The Art Newspaper's editors break down the art market's biggest stories and spectacles, with the help of special guests. In our pilot video report series Hammer Time, our deputy art market editor Margaret Carrigan recaps the highlights of New York's billion-dollar auction week, interviews specialists and brings you live views from the salesroom.
On Tuesday night, at Sotheby's Impressionist and Modern art evening sale, all eyes were on Monet's London vista, Charing Cross Bridge— the only Impressionist work with an estimate over $20m this slim sales season, backed by a third party guarantee. The hammer fell squarely in the mid range of its estimate, at $24m ($27.6m with fees). But then Sotheby’s knows the artist's market well, having set the record for Monet in New York this past May when the artist’s iconic haystacks painting went for $110m, and leading all four of its Impressionist and Modern evening sales this year with works by the artist.
The other top two lots tonight, a charming painting by Gustave Caillebotte, Richard Gallo et son chien Dick, au petit-gennevilliers, coming to auction for the first time with a $18m-$25m estimate, and a pointilist cityscape by Paul Signac for $14m-$18m, were also both guaranteed to sell and hammered on their low estimates, suggesting they were either appropriately priced or appropriately backed. The sale total clocked in a $178m auction ($209m with fees), which just went over Christie's $191m sale the night before but with a slightly lower 84% sell-through rate, a pace that has remained consistent for the auction house on Impressionist and Modern works throughout the year.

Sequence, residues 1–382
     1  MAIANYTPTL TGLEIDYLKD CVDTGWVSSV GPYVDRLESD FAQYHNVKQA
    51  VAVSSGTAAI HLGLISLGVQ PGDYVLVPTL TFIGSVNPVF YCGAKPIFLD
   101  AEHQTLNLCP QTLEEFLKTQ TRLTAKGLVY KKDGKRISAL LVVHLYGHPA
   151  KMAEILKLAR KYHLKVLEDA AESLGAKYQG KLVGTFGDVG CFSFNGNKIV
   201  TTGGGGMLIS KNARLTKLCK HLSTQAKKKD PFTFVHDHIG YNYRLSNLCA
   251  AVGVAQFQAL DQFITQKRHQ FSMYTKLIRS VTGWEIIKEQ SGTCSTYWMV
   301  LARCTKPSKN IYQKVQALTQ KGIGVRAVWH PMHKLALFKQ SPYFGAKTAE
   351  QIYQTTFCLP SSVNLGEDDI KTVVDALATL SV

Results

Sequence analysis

A welcome surprise—one that elicited applause from the quickly dwindling crowd—was a new world record for the Polish artist Tamara de Lempicka, whose La Tunique rose was the only work by a female artist featured in the sale. It sold for more than double its low estimate, hammering at $11.5m ($13.4m with fees). This follows a similar if lesser success for the artist when her Les jeunes filles realised $5.2m (with fees), also more than twice its low estimate, at Christie's on Monday.
Also like Christie's evening sale, around a third of the lots sold for below their low estimates (before fees), meaning expectations were likely conservative at best when reserve prices were set—a safe play in the current cautious financial climate. "The market is price sensitive", the evening's auctioneer, Oliver Barker, explains. Eight lots went unsold, including two Magritte paintings, despite the Surrealist's Le Seize Septembre that lead Christie's sale.
Yet, perhaps spurred by the $14m Boccioni bronze that sold the night previously, there was strong competition for sculpture. Alberto Giacometti's Buste d'homme incited a six-minute bidding war before selling for $14.3m (with fees) on a $8m high estimate, while Auguste Rodin's Cariatide tombée portant sa pierre, agrandissement d'un tiers from Indiana's Ruthmere Museum sold for $7.6m (with fees).